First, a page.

Nicholas Latifi has vented his frustration at the FIA for being unable to offer 'his side of the story' following his crash with Zhou Guanyu at the Singapore Grand Prix.
Williams driver Latifi was handed a five-place grid penalty for this weekend's race in Japan, and picked up two penalty points on his Super Licence, for clattering into Alfa Romeo's Zhou early in the race at the Marina Bay Street Circuit.
The stewards, though, made their decision whilst the race was still in progress rather than waiting to speak with either driver, unlike with winner Sergio Perez.
The Red Bull driver was given a reprimand and a five-second time penalty for two separate incidents of failing to keep within 10 lengths of the safety car but only after they had spoken with the Mexican.
"In the end, after watching all the different onboards, if you're going off the rulebook, it's clear he came up alongside me and I didn't leave him enough space," said Latifi in explaining his incident with Zhou.
"The things that were not considered - and one of the frustrations is that I didn't have a chance to go to the stewards because they didn't ever summon me, which normally happens when there's an incident between two drivers - is that I was taking the same line I'd taken every single lap beforehand.
"I did actually look in my mirrors both ways, you can see from the onboard I glanced in both directions.
"But the problem was because of the difference in lines, he was driving in the blind spot of the mirror the whole of the way down into the corner.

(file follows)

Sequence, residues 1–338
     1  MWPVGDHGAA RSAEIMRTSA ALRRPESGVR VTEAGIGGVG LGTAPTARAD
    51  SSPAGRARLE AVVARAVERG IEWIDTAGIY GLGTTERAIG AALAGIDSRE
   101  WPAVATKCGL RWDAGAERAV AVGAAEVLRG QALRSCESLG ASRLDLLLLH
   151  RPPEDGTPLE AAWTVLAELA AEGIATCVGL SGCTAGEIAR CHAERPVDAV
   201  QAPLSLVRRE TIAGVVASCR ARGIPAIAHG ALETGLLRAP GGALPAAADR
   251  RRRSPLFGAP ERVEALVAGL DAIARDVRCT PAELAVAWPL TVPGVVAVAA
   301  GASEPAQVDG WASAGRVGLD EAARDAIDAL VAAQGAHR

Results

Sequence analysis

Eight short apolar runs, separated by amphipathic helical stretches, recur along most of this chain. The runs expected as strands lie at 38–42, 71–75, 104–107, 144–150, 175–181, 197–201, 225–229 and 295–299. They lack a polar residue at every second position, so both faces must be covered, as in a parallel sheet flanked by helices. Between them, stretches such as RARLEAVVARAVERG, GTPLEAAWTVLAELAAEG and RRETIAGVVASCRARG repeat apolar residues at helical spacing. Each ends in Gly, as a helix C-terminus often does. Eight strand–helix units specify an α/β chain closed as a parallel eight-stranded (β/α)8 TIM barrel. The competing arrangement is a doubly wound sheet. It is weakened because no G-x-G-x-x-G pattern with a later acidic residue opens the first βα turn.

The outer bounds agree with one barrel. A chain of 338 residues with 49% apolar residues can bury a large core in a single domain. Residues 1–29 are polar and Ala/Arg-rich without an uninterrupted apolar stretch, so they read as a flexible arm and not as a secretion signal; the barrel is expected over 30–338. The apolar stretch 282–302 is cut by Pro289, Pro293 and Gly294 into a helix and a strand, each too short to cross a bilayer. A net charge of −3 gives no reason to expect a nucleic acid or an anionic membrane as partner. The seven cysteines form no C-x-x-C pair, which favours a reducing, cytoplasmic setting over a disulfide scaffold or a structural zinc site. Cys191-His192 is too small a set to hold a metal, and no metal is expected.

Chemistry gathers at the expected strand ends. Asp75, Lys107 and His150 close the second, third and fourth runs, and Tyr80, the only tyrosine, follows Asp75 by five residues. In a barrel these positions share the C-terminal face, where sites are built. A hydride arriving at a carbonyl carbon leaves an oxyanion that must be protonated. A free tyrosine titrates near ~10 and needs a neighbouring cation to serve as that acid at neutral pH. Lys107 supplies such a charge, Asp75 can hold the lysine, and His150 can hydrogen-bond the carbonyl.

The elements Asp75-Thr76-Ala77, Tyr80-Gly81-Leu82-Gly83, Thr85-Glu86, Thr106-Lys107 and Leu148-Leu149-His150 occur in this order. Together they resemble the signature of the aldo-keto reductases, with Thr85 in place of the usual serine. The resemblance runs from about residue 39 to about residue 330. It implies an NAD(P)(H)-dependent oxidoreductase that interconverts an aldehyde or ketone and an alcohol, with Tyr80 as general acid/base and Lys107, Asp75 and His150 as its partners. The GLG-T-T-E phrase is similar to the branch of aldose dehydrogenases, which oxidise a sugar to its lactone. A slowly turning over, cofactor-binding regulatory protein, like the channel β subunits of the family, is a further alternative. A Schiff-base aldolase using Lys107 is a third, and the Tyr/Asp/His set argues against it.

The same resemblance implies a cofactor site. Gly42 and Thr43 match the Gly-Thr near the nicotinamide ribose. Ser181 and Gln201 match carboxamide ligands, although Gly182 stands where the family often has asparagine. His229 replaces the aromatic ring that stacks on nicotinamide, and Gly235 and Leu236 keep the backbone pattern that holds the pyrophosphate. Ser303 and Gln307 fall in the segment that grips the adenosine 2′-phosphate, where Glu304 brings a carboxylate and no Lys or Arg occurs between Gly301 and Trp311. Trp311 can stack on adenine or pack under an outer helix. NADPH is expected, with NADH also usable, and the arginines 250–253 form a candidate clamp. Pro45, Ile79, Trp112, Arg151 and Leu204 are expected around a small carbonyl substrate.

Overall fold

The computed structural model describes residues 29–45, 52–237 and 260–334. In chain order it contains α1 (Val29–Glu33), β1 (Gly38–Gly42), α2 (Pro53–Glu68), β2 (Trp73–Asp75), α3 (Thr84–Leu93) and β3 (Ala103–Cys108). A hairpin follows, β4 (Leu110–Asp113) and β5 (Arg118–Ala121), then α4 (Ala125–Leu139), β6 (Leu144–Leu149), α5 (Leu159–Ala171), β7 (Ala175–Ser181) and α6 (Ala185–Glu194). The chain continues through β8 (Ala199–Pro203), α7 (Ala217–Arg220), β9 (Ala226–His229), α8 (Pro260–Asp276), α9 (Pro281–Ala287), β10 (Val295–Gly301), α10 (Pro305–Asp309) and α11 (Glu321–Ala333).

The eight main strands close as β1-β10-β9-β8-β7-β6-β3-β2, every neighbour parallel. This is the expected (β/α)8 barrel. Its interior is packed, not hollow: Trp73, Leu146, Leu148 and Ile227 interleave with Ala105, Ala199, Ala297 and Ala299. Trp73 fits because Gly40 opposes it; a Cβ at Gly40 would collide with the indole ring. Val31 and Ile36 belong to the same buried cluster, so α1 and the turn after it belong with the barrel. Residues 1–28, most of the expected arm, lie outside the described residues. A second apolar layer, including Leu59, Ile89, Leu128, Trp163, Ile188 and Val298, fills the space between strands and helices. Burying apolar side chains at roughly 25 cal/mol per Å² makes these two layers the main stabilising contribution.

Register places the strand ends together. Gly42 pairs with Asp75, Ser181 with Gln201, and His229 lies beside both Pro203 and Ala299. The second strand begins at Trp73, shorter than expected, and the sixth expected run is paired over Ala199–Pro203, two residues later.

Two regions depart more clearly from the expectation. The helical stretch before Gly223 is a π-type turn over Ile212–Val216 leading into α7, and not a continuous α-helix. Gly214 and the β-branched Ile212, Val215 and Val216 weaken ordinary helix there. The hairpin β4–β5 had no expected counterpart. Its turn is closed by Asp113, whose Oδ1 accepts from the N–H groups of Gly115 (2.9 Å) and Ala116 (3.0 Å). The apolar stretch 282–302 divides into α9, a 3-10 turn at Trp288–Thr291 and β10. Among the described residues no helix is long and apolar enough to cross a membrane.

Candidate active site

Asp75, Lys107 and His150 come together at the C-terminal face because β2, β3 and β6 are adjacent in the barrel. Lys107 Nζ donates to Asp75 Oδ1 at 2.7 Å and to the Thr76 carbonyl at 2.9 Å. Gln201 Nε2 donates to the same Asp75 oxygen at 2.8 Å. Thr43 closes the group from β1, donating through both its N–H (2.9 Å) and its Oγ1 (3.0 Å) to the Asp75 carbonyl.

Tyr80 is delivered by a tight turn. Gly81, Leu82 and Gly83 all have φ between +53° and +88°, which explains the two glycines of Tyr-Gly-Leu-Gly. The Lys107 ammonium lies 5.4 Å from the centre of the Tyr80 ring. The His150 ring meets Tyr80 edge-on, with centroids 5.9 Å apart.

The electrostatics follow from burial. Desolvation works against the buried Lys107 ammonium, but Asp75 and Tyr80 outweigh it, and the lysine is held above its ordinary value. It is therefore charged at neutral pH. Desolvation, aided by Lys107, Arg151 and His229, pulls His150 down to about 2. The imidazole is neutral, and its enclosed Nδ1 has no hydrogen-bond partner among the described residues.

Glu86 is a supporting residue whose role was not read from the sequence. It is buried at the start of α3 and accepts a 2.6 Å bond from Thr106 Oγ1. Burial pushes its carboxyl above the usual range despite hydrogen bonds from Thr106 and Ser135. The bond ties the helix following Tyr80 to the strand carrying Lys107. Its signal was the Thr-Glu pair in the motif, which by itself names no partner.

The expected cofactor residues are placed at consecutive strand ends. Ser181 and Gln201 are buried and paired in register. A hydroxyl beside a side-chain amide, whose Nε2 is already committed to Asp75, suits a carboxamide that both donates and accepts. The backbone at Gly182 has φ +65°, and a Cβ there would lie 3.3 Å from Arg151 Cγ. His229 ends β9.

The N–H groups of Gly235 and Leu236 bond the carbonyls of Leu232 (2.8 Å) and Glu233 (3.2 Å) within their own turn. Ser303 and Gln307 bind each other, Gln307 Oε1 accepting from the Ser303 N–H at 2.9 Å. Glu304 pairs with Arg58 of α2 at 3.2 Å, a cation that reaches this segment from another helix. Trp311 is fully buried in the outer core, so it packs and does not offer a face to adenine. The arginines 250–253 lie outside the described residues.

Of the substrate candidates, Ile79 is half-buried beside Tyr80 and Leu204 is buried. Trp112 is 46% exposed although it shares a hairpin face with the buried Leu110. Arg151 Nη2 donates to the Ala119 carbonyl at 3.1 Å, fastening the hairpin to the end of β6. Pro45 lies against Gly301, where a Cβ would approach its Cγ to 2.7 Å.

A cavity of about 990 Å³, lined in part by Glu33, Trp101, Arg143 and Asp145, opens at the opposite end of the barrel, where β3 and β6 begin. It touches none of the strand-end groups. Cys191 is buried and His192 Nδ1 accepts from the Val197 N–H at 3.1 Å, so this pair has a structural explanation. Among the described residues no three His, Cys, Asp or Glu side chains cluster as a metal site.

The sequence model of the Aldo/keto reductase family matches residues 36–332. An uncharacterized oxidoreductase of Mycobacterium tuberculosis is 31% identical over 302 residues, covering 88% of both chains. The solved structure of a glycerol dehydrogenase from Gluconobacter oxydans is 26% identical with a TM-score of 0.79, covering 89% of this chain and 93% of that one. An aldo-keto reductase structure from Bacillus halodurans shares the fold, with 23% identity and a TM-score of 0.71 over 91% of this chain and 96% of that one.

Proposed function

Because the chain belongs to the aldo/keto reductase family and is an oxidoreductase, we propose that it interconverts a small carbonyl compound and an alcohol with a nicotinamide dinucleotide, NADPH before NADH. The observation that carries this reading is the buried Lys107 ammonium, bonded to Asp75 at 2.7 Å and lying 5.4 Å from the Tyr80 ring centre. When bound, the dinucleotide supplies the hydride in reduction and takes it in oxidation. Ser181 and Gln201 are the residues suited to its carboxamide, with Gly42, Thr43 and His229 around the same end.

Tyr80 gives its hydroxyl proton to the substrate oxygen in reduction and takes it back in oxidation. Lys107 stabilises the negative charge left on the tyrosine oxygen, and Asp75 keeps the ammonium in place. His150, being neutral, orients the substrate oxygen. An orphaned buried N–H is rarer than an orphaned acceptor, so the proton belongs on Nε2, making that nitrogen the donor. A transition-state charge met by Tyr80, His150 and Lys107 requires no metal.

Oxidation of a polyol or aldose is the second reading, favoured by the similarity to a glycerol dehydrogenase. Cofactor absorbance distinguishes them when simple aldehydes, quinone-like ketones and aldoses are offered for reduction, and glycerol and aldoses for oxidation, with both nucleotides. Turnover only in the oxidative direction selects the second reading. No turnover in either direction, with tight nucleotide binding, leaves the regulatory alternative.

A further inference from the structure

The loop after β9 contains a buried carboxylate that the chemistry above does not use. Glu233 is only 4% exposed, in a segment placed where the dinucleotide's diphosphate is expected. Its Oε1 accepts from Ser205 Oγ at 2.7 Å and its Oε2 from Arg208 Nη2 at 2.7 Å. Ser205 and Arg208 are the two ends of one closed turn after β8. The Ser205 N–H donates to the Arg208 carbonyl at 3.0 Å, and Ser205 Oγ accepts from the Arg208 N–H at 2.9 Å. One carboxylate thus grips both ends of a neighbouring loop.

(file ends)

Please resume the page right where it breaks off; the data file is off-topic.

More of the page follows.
"In that sense, as drivers, we all know there are massive blind spots in the car, and again I did look.
"But if he's driving in a place where I can't see him, when I do make an effort to look, and I again take my normal line, he ended being there.
"But if I can't see him because he is driving in a place where he should expect I can't see him, especially on a street track in the wet, it's tricky."
Latifi would have accepted punishment if allowed to speak
Latifi has suggested that with mitigating circumstances, the stewards may have been more lenient.
"If I would have got penalised in the end after, let's say, being able to give my side of the story - I know it doesn't make much of a difference - but I would have accepted that," added Latifi.
"But not being able to go to the stewards and give my side of events and different points that weren't considered, that was a bit of frustrating.
"Because we're always talking about the consistency amongst decisions and penalties and whatnot."